Assistant Professor Tam Vu has received a prestigious CAREER Award from the National Science Foundation for his research on enabling a new type of computer, called Earable Computers.
These small devices are worn on, in or near a user's ears. With this award, Vu hopes to lay the scientific foundation for robust and effective ear-worn systems for long-term, unobtrusive monitoring of health conditions and for hands-free control of computers.
The ears are close to the source of many physiological signals, such as the brain, eyes and facial muscles. However, because there are a lot of simultaneous signals coming from the brain and body, it is challenging to design systems that are both small enough to be widely adopted and powerful enough to be accurate. Most existing head-based sensing and stimulation methods are cumbersome, intrusive and expensive – suitable only for stationary and short-term use in clinics or hospitals.
Therefore, placing small sensors in or behind the ears could make monitoring things like cognitive load, stress or sleep quality less intrusive, while also increasing user acceptance. In addition, the ear area serves as an ideal body part for applying non-invasive brain stimulations.
“This project aims to fill a gap by enabling a novel form of wearable sensing and actuating systems that can unobtrusively, continuously, comfortably and simultaneously sense a multitude of head-based physiological signals and actuate to stimulate the brain while remaining minimally visible to the public,” Vu said.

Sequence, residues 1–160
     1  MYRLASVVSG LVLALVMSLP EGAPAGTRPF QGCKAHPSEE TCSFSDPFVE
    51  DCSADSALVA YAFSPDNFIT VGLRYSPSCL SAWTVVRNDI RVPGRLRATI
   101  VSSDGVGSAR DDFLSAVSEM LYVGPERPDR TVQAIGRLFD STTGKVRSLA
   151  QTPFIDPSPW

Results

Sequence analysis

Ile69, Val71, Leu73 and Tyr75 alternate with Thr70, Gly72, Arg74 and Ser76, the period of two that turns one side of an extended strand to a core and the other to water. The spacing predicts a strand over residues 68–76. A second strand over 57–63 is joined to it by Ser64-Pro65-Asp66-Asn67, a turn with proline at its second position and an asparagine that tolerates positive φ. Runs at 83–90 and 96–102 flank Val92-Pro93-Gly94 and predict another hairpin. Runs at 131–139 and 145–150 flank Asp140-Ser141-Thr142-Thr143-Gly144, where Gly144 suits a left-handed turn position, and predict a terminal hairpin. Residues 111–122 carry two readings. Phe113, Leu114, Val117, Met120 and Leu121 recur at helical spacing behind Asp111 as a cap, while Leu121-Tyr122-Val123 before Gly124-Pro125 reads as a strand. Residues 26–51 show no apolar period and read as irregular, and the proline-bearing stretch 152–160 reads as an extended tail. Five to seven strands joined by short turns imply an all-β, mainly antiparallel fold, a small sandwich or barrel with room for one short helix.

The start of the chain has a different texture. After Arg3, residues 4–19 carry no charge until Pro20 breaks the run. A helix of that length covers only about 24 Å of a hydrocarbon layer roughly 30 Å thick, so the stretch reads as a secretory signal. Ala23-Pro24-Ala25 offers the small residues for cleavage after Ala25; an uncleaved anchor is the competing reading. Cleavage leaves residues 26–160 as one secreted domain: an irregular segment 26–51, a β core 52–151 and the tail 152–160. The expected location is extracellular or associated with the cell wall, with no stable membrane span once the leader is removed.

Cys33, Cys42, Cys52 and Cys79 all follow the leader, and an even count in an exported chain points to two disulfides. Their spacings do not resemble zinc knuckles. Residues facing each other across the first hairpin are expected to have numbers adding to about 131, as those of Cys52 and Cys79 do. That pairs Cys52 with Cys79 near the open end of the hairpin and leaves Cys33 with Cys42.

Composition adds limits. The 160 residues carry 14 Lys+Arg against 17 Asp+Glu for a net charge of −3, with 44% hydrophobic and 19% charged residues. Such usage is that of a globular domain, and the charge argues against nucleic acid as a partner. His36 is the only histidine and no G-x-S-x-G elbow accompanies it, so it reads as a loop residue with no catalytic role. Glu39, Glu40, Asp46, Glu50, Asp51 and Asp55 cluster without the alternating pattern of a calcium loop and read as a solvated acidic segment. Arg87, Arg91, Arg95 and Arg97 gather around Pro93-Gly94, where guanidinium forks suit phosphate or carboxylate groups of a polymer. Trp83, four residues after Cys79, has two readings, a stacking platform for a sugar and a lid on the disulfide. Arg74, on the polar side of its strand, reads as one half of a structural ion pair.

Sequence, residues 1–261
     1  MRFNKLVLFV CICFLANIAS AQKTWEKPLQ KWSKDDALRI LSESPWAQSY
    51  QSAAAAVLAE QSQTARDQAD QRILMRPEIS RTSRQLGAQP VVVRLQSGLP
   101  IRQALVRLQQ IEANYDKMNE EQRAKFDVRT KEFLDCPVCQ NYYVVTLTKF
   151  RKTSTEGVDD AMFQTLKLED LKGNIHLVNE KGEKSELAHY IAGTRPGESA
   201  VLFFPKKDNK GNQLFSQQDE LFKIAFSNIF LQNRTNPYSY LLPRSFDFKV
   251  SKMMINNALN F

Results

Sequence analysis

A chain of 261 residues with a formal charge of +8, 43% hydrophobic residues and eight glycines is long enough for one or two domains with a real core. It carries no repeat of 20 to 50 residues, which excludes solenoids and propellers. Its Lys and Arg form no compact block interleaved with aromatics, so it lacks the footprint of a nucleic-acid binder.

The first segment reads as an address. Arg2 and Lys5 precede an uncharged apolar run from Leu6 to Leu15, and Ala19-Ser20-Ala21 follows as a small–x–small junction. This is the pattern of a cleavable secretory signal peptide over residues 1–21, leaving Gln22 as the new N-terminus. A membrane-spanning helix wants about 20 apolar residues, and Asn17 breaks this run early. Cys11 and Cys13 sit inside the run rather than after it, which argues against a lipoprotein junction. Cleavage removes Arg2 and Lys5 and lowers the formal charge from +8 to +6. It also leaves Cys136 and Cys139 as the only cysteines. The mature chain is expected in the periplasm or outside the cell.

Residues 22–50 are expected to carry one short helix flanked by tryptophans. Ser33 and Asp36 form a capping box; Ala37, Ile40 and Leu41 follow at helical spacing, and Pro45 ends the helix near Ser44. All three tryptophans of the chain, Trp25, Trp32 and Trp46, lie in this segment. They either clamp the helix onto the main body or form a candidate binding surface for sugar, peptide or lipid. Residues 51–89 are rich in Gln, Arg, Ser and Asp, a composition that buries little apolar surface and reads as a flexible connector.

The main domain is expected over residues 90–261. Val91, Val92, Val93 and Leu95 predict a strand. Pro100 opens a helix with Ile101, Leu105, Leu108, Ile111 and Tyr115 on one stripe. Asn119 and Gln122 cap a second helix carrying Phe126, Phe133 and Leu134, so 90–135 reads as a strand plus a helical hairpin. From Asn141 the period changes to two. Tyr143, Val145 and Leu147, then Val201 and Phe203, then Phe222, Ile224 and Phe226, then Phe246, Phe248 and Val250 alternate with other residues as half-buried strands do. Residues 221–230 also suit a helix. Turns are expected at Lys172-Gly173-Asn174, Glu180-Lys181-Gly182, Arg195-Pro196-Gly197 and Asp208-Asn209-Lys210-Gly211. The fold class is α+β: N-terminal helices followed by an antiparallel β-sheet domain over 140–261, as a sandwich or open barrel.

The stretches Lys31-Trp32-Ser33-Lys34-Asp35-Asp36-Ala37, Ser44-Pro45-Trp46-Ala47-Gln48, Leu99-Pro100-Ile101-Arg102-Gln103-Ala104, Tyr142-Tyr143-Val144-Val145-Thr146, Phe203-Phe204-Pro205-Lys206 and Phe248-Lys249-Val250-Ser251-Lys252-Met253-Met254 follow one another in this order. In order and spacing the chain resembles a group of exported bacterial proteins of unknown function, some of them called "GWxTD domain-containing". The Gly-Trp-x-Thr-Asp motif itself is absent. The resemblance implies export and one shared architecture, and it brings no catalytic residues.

Vu and his team will use the CAREER Award to work on:
The resulting computing platform, tools and insights from this work will accelerate research and innovation in this emerging area of wearable systems and pave the way for earable systems at an unprecedented scale, Vu said.
Vu directs the Mobile and Network System Laboratory at CU Boulder. He is also a faculty member in the CU School of Medicine and a fellow of the Institute of Cognitive Science. In addition, he is actively pushing his research outcomes into practice through technology transfer activities and has co-founded two startups to commercialize them.
The preliminary work for this project was also supported by NSF, through a grant from Smart and Connected Health, as well as a Google Faculty Award in 2018.